The US Federal Reserve will delay the first reduction in its bond purchases until March after the government shutdown slowed fourth-quarter growth and interrupted the flow of data, economists said.
Policymakers will pare the monthly pace of asset buying to US$70 billion from US$85 billion at their meeting on March 18 and March 19, according to the median of 40 responses in a Bloomberg News survey of economists.
The 16-day budget impasse in Washington reduced growth by 0.3 percentage point this quarter, economists said in the survey.
Forecasters, surprised when the Fed opted against tapering at its meeting on Sept. 17 and Sept. 18, pushed out their expectations after the shutdown furloughed as many as 800,000 federal workers.
The closing also disrupted collection and publication of economic reports the Fed says it needs to determine whether the expansion is strong enough to handle less monetary stimulus.
“It’s going to be harder to extract the signal from the data, and the Fed’s policies are tied to the data,” said Laura Rosner, a US economist at BNP Paribas SA in New York and a former researcher at the Federal Reserve Bank of New York who expects the first tapering in March.
“They’re waiting for more confirmation the economy is moving in the direction of their outlook, and if we don’t have data or it’s inconclusive, then the Fed isn’t going to feel confident enough in the outlook,” Rosner added.
The US central bank will reduce monthly purchases to a US$25 billion pace by July next year and end the program at the meeting in October next year, according to the survey conducted this week.
Fed Chairman Ben Bernanke’s second term ends Jan. 31 next year and US President Barack Obama has nominated Fed Vice Chairman Janet Yellen to succeed him.
Economists had expected the central bank to reduce purchases to US$80 billion last month, according to a Bloomberg survey.
“Conditions in the job market today are still far from what all of us would like to see,” Bernanke said at a press conference following last month’s meeting.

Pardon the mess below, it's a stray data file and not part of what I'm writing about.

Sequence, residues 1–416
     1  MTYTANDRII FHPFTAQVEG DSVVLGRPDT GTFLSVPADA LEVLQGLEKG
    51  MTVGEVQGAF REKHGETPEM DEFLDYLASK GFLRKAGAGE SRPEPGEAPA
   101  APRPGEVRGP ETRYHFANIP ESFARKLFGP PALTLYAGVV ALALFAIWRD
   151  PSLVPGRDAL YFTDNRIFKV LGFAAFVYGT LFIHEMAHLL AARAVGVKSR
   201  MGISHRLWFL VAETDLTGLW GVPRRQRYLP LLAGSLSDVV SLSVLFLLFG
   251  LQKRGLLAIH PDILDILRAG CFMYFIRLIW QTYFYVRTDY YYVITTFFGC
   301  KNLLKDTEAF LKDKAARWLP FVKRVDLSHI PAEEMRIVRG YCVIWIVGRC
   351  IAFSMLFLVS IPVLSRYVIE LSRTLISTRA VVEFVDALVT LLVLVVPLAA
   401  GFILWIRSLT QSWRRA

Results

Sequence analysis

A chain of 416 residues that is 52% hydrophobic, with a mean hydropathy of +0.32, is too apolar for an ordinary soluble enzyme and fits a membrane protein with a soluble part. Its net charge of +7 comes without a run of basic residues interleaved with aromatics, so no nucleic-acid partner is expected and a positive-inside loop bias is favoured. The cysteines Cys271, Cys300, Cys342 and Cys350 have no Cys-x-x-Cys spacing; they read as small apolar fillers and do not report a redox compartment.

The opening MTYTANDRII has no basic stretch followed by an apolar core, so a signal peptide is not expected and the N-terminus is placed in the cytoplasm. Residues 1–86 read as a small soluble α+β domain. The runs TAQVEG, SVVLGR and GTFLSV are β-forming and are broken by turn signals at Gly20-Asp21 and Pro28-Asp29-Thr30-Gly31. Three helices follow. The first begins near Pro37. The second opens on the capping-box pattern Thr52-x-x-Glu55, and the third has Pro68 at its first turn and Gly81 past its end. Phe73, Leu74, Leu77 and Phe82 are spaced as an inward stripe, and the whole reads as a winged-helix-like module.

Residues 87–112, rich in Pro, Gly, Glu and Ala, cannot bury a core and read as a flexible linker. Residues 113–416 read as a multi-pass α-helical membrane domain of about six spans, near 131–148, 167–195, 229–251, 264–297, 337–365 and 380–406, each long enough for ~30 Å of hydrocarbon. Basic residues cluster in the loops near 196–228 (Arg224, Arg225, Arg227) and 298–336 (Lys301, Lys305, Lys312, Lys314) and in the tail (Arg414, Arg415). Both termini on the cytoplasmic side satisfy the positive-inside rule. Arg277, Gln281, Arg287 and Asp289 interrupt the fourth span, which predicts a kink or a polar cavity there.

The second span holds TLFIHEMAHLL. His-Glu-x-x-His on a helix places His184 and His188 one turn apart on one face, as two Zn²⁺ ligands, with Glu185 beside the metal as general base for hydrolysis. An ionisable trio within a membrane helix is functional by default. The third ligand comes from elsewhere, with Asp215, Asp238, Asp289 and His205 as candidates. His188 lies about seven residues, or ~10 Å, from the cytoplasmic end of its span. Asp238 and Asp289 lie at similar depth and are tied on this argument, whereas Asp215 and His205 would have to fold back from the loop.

Economists after that focused on December as the most probable date for the Fed to begin reducing the purchases.
Twenty-four of 41 economists in a survey last month identified the central bank’s December meeting as the time to taper.
That was before the government shutdown, which was resolved this week when Obama signed legislation opening the government until Jan. 15 next year and suspending the nation’s debt limit through Feb. 7 next year.
Chicago Fed President Charles Evans, an outspoken advocate of pressing on with stimulus, said the central bank should not begin reducing the pace of asset purchases with unreliable numbers.
“Only the data can tell us how much progress we’ve made, and they aren’t saying much right now,” Evans said on Thursday in a speech in Madison, Wisconsin.
“Data available in September were inconclusive, and since then incoming information has been silenced with the federal government shutdown,” he said.
Even Dallas Fed President Richard Fisher, who has called for reducing asset purchases, said fiscal discord has undermined the argument for tapering.
“Across the board — Fisher to Evans — they’re saying tapering is further down the road than it might have been if we hadn’t had the shutdown,” said Michael Hanson, senior US economist at Bank of America Corp in New York and a former Fed economist.